Saturday, 19 August 2017


15th August 1947 - for the 360 million newly free Indians, the word 'independence' meant more than merely a state of autonomy. It meant, for the community at large, the freedom to pursue your interests, hone your skills and build a life around it.

One such community is that of the Intellectually Disabled people of India. In ancient times, any kind of significant impairment in cognitive and adaptive abilities in a person was regarded as a result of sinful past lives and therefore, an object of ridicule and something to be ashamed of. Traces of such thinking, although to a significantly lesser degree, still exist in many rural areas of the country.

In metropolitan areas, the situation for Intellectually Disabled is better but not satisfactory. The onset of the Industrial Revolution brought in a great deal of wealth and productivity to the civilization but at a great cost. Concentration of wealth and resources in cities forced huge populations of villages to migrate in search of labor. Those with vocational ability were considered to be an asset to the family while those with disabilities of any kind were marginalized.

In the years after independence, many positive strides were taken by the government as well as many newly formed NGOs across the country. Special schools for the Intellectually Disabled were established in the 1950s, which was the first time an organized effort was made towards the cause. Since then, hard-fought legislation like the 'Persons with Disabilities Act 1995'  (for Equal opportunities, Protection of Rights, and Full Participation)National Trust for Welfare of Persons with Autism, Cerebral Palsy, Mental Retardation and Multiple Disability Act, 1999 and the most recent  Rights of Persons with Disabilities Act, 2016. (Amendment to the bill passed in 2014) have paved a way for a better future.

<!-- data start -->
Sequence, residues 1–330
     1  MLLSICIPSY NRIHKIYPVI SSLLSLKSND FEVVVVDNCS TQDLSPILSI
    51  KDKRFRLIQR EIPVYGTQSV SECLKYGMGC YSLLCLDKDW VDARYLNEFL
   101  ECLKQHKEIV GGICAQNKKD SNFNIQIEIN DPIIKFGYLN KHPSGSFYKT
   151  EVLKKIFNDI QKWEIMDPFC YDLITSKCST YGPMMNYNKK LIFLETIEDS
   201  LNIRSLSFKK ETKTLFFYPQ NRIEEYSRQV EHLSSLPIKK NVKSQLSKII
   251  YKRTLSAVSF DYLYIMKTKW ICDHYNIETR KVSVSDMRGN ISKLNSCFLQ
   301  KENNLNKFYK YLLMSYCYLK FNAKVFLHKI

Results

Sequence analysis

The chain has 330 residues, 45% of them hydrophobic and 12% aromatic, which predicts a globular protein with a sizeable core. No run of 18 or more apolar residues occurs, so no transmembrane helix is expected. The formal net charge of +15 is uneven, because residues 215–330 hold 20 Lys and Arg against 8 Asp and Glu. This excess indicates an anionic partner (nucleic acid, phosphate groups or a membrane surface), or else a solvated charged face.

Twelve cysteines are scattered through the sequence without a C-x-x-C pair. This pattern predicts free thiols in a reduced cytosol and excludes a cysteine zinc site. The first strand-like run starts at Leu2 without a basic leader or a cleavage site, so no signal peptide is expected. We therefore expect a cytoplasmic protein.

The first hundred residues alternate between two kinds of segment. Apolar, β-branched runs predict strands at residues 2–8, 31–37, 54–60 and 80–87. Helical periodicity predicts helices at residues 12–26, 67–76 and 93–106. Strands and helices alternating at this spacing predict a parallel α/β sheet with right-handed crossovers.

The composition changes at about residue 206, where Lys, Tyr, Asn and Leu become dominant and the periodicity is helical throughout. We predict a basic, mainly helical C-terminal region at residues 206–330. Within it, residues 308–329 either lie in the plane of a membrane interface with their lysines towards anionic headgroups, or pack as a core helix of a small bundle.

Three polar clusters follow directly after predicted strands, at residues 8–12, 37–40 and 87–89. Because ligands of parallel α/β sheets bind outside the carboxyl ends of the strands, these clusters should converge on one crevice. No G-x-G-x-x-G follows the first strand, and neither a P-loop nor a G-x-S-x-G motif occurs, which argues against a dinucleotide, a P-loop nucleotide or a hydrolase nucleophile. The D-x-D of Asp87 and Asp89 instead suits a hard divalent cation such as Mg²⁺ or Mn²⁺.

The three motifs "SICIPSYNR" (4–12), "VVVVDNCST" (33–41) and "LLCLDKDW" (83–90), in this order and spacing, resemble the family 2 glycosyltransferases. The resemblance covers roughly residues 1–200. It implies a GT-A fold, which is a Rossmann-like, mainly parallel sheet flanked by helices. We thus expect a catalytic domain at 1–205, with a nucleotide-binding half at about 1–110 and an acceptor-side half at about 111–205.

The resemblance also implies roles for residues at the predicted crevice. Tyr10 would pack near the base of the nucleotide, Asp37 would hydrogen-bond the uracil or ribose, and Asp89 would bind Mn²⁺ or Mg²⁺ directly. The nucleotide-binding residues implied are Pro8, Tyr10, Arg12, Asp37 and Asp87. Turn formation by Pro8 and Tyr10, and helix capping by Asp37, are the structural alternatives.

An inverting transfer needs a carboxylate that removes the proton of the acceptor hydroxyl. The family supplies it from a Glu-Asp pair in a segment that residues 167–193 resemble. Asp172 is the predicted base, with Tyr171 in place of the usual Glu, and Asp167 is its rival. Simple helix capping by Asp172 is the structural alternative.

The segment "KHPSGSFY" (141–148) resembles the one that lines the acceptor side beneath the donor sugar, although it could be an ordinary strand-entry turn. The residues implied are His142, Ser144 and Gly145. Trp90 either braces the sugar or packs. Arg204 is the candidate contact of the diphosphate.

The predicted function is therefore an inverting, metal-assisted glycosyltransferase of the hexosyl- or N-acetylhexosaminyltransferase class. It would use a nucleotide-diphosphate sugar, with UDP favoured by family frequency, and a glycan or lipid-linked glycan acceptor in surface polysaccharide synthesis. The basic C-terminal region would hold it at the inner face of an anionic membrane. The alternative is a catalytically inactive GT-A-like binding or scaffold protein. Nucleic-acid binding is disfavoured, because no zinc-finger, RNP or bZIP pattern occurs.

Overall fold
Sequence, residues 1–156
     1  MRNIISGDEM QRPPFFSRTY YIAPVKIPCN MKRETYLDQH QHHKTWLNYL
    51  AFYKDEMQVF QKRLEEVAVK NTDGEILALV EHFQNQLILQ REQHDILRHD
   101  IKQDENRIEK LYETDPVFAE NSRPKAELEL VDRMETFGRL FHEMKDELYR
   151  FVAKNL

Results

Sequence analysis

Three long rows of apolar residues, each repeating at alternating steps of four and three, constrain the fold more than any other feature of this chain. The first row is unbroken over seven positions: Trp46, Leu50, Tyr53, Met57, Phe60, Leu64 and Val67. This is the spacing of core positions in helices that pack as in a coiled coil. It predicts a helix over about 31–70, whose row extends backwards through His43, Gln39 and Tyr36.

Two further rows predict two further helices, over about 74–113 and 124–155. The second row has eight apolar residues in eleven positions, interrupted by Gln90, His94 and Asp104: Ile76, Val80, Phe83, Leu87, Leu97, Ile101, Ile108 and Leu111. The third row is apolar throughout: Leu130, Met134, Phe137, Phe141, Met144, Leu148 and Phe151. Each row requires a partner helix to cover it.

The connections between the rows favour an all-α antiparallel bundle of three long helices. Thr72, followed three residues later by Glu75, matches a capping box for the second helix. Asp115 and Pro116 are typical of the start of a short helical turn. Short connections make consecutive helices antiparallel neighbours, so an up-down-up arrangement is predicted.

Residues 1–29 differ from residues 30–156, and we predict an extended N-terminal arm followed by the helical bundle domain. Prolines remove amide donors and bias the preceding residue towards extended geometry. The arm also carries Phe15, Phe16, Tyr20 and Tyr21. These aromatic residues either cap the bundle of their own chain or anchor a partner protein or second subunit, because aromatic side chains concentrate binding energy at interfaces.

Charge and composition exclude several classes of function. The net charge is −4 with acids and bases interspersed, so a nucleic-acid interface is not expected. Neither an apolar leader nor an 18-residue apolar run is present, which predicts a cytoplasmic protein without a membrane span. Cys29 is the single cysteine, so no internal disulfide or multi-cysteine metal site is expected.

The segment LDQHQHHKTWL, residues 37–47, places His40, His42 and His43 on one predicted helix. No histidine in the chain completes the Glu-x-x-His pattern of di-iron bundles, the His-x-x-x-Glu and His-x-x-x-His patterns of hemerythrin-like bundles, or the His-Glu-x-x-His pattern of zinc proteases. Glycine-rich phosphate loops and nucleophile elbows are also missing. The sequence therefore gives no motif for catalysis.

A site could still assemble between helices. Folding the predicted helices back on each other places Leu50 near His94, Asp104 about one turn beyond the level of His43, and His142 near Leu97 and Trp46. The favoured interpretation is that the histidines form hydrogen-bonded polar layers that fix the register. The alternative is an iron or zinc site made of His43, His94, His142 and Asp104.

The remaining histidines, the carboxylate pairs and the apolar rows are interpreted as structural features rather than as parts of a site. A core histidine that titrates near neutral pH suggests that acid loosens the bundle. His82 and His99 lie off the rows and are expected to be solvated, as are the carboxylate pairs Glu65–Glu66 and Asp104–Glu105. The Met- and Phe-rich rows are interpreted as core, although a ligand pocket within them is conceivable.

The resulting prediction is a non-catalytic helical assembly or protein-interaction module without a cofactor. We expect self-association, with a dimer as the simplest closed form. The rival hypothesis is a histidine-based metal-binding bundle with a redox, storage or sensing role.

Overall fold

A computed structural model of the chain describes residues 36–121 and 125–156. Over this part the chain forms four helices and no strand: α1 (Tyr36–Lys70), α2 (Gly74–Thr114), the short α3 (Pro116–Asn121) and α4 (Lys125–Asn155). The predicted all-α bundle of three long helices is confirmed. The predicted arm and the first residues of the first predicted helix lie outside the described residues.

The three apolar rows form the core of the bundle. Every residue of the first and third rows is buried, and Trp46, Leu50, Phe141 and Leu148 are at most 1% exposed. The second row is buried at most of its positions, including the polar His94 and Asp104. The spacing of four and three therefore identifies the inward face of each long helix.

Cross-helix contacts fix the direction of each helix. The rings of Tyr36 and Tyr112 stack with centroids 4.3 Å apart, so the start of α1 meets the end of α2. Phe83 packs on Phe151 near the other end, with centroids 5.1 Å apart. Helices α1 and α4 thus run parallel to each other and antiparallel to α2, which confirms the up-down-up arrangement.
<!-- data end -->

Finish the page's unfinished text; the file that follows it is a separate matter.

On a social level, we have made some meaningful progress even though there is still a long way to go. It has been our experience after 17 successful years of Advitya that once you create a public platform to campaign the cause of the Intellectually Disabled, people take active interest in knowing more about the issue and often goes great lengths to be of some help.

It is also imperative to understand the struggles of the people most directly affected by the plight of the Intellectually Disabled - the parents of the Intellectually Disabled. An open dialogue in the media other public platforms will be of tremendous help to these parents. Once they know that there are other parents coping with similar issues, a lot of ignorance and hush hush surrounding the issue will fade away. Also, the depiction of People with Intellectual Disabilities in movies, TV and other art forms is rarely multi-dimensional. And because art reflects life, this kind of simple-minded depiction points towards the greater reality of the society: we simply do not know enough about the life and problems of a person with such disabilities. We can't keep shrugging the responsibility to educate the masses on someone else. 

Change begins from within.

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